Getting good at this: Another successful workweek in the books, another hard-earned weekend in the offing – well done, intrepid innovators, you’ve done it again.
It’s Dec. 6 out there, a date that stands out regardless of your color or creed or birthplace or borders, a day for family and friends and peace in our time. We speak, of course, of the Day of the Ministry of Transport, Communications and High Technologies of Azerbaijan. Please celebrate responsibly.
Wouldn’t trade it: It’s also National Pawnbrokers Day, which is most Fridays around here, but it turns out there’s a whole special day.
And raise a glass to your favorite mixologist this National Bartender Day, always celebrated on December’s first Friday.
Book mark: Let’s also raise a toast to knowledge – and specifically to the Encyclopedia Britannica, which was first published in Scotland on Dec. 6, 1768.
The grand encyclopedia, which finally went out of print in 2012, is now thriving in digital form.
Post mark: Speaking of publishing firsts, the Washington Post cranked out its first edition 142 years ago today.
Water mark: And happy anniversary to the U.S. Naval Observatory, one of the country’s oldest scientific institutions, established by the U.S. Navy (as the Depot of Charts and Instruments) on Dec. 6, 1830.
Outta here: Abolitionist, spy and military leader Harriett Tubman escaped from slavery – for the second and final time – on this date in 1849.
In unrelated related news, the slavery-abolishing 13th Amendment was ratified by the U.S. Congress on Dec. 6, 1865.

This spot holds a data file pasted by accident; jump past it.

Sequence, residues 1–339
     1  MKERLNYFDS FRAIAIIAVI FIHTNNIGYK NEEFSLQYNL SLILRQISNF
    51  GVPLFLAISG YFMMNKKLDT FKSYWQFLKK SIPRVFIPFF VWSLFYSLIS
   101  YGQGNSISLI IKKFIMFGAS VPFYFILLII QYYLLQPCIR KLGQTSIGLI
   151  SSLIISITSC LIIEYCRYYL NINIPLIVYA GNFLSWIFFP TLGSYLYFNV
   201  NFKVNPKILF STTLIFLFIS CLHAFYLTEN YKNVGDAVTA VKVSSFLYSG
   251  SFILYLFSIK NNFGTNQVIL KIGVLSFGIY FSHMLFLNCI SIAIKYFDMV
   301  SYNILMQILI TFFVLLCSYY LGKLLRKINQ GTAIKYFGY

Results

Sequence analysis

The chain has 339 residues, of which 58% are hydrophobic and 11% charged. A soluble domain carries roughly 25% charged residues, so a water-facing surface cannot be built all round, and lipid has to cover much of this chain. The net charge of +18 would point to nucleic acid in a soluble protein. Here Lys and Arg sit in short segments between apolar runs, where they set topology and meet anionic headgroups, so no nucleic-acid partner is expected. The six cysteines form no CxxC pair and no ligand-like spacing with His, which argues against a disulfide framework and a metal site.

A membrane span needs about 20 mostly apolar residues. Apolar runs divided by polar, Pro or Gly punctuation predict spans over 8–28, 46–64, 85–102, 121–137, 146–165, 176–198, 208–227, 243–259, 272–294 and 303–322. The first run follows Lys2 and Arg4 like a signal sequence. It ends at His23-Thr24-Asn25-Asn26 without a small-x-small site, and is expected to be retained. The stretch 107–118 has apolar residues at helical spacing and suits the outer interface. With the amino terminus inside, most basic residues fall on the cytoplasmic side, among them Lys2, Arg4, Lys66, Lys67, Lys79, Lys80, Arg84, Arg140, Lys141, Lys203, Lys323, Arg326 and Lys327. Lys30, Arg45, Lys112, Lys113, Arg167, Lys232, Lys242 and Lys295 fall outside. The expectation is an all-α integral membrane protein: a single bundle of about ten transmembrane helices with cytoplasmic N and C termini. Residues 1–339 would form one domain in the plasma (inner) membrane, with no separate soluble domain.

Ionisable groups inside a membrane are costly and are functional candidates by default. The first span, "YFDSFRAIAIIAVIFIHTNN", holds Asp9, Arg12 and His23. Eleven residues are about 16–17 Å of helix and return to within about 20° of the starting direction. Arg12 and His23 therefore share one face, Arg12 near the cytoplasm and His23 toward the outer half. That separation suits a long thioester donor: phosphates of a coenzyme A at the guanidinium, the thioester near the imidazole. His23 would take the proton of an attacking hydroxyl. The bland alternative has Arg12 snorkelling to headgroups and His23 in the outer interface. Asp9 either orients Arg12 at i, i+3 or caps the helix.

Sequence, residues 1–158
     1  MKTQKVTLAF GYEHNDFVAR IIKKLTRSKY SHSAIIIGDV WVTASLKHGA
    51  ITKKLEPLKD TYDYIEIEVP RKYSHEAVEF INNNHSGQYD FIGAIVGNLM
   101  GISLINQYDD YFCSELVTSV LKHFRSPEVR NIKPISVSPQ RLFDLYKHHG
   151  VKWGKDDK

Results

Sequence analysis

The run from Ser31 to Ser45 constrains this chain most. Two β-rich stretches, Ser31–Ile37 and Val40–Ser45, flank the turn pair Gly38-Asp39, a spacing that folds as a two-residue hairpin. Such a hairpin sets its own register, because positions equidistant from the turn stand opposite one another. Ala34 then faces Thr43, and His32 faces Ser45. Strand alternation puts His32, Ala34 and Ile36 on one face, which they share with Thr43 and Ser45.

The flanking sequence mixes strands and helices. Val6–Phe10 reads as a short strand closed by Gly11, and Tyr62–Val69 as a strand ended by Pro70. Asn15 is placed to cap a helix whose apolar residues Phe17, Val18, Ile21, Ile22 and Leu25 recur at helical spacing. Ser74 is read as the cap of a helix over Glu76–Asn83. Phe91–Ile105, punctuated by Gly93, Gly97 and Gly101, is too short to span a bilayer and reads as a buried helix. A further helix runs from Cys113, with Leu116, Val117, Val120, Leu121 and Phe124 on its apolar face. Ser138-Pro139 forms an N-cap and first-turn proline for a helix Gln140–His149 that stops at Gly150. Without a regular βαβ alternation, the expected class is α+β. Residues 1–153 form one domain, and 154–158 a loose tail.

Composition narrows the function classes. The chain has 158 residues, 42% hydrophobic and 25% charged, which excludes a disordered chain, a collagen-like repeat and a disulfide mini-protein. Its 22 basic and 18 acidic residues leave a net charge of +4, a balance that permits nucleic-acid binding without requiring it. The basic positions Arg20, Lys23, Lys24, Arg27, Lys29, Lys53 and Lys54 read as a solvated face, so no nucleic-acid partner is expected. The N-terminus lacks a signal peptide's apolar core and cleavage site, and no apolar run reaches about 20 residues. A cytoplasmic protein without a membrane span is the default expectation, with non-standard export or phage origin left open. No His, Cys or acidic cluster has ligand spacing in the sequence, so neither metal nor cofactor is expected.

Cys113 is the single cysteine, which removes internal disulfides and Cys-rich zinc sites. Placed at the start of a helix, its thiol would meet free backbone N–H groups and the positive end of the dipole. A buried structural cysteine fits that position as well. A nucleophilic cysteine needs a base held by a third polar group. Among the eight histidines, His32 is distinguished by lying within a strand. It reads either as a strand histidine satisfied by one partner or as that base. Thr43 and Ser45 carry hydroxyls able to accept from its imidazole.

But it’s been re-dubbed by Benedict Cumberbatch: And it was this date in 1877 when Thomas Edison made what is arguably the first sound recording of a human voice, reciting “Mary Had a Little Lamb.”
Neat trick: French prestidigitator Jean-Eugène Robert-Houdin (1805-1871), the “father of modern magic” and a namesake (of sorts) for American devotee Erich “Harry Houdini” Weisz, would be 214 years old today.
Also born on Dec. 6 were Swiss mechanic Johann Bodmer (1786-1864), a prolific inventor of tools and textile-making machinery; Austrian astronomer/ace asteroid archiver Johann Palisa (1848-1925); beloved U.S. poet Joyce Kilmer (1886-1918); U.S. zoologist Libbie Henrietta Hyman (1888-1969), who wrote lab manuals and six comprehensive volumes on invertebrates still referenced today; and toe-tapping American lyricist Ira Gershwin (1896-1983).
Making a list: And take a bow, Craig Newmark – the American Internet entrepreneur and billionaire philanthropist known best as the founder of Craigslist turns 67 today.
Wish these and all the other Dec. 6 innovators well at firstname.lastname@example.org – feel free to scratch some story tips and calendar items off your list, too.
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BUT FIRST, THIS
Fin-tastic: There’s something fishy about Stony Brook University’s School of Marine and Atmospheric Sciences, which has been gifted a rare scientific collection of archived fish and water-quality data.
Started a half-century ago, the Hudson River Collection is an historically ambitious environmental-research program hailed as an unequaled study of the long-term evolution of a single estuary system. Its database includes some 170 marine-life species found in the roughly 134-nautical-mile Hudson, which flows from the Troy Federal Lock and Dam in upstate Rensselaer County to the Battery in downtown Manhattan.
Also part of the gift from Louisiana-based energy company Entergy Corp. is an archive of about 50 million preserved Hudson River fish specimens, a Smithsonian-esque collection ranking among the largest held by a U.S. museum or university. That massive influx of material and data, along with a substantial “seed capital” donation from Entergy, “positions Stony Brook as a leader in developing innovative forms of multidisciplinary science endeavors,” according to Interim SBU President Michael Bernstein. “I am confident that our unparalleled access to the Hudson River Collection will result in extraordinary research opportunities.”
Basic training: Hofstra University wants to send military veterans back to bootcamp – only this time, it’s to learn how to build a business.